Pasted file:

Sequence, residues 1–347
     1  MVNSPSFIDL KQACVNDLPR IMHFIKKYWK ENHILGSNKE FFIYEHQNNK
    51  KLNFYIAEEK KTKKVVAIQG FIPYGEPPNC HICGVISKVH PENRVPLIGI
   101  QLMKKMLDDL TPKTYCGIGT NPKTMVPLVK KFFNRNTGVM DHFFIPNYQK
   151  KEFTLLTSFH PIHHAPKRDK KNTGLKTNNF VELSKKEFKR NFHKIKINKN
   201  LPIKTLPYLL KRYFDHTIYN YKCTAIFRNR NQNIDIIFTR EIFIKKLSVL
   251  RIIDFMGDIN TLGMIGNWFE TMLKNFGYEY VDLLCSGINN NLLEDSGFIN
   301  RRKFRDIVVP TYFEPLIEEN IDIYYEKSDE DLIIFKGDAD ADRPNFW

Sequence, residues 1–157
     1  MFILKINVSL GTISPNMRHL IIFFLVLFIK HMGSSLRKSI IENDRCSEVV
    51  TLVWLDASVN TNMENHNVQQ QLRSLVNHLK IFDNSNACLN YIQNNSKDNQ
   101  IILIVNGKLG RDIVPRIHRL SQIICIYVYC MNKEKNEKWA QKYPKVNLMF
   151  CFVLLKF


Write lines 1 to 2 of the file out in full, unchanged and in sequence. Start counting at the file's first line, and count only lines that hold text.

Sequence, residues 1–347
     1  MVNSPSFIDL KQACVNDLPR IMHFIKKYWK ENHILGSNKE FFIYEHQNNK